How Does a Billings Personal Injury Attorney Establish Liability for Car Accident Injuries?
Ragain & Clark November 30, 2020
When seeking to recover financial compensation for injuries from a car accident, you need to be able to prove that someone else was to blame. In legal terms, this is known as establishing “liability.” In order to establish liability for a car accident, there are three key questions that need to be answered.
3 Key Questions for Establishing Liability After a Car Accident
1. What Factor (or Factors) Caused the Accident?
First, you need to know what caused the accident. Numerous factors can cause car accidents, and identifying the factor (or factors) involved in your collision will require a thorough investigation. It is important to conduct this investigation as soon as possible, as certain types of evidence can disappear if not promptly preserved. In most cases, car accidents result from one or more of the following:
- Disobeying traffic signals
- Distracted driving
- Drowsy driving
- Drunk driving
- Failure to yield
- Faulty maintenance or repairs
- Reckless driving
- Other forms of driver negligence
- Vehicle or road defects
2. Who Could Be at Fault?
Once you know what caused the accident, then you can determine who was at fault. Most car accident cases will involve claims against:
- Negligent Drivers – Negligent drivers can be held personally liable for driving mistakes that lead to traumatic accidents. However, in most cases, accident victims will seek compensation from the at-fault driver’s insurance company.
- Maintenance and Repair Shops – Maintenance and repair shops can be held liable for the consequences of faulty repairs. If your (or another driver’s) brakes failed because of a shoddy brake job, the shop that performed the work may be liable for your losses.
- Vehicle and Part Manufacturers – Vehicle and part manufacturers can face liability for car accidents resulting from automotive defects. Defective accelerators, airbags, brakes, engines, lights, and transmissions can all cause and contribute to dangerous motorway collisions.
- Road and Highway Authorities – If an issue with the road caused your accident, the state or local authority responsible for designing or maintaining the road may be to blame. Alternatively, you may have a claim against a private contractor hired to build or maintain the road.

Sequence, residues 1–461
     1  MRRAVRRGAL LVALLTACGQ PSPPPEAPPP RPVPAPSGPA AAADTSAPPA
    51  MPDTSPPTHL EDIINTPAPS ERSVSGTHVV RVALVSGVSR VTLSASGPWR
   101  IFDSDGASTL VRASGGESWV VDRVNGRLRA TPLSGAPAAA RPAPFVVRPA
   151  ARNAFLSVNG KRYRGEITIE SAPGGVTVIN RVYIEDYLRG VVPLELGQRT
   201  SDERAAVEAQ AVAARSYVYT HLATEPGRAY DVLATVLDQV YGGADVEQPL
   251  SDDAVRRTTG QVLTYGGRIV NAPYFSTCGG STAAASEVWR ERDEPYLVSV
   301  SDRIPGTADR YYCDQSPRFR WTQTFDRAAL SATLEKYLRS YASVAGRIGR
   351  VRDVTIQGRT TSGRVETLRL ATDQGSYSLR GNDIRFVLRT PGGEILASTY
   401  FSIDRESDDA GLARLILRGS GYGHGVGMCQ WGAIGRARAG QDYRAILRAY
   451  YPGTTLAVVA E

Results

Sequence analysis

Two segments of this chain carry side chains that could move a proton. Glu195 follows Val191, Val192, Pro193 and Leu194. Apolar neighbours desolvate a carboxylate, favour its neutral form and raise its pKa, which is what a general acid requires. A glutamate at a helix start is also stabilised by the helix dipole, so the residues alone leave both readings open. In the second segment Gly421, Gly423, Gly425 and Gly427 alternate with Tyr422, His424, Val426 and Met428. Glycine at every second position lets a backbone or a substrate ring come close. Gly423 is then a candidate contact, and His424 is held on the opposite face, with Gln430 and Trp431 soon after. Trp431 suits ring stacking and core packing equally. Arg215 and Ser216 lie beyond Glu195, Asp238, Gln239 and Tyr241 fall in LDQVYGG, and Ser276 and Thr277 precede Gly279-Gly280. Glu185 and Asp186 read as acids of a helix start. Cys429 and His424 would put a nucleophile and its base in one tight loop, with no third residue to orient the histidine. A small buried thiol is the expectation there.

- Employers – If you were hit by a truck driver or anyone else who was driving for work, you may have a claim against the at-fault driver’s employer. As a general rule, employers can be held liable for their employees’ mistakes within the scope of employment.
3. What are the Current and Future Costs of Your Injuries?
Finally, once you have established who is liable, you need to establish how much they are liable for. This requires a careful assessment of your current and future financial and non-financial losses. In cases involving serious traumatic injuries, accident victims will typically be entitled to compensation for:
- Outstanding medical bills and future medical expenses
- Loss of income and lost future earning capacity
- Repair bills, prescription costs, and other out-of-pocket expenses
- Pain and suffering
- Scarring and disfigurement
- Emotional distress
- Loss of society, companionship, consortium, support, and enjoyment of life
Injured in a Montana Car Accident? Contact a Billings Personal Injury Attorney for a Free Consultation
If you have been seriously injured in a car accident and would like to speak with a Billings personal injury attorney, we encourage you to contact us for a free, no-obligation consultation. We represent car accident victims throughout Montana. To request an appointment at a time and location that work for you, please call 406-651-8888 or submit your case online today.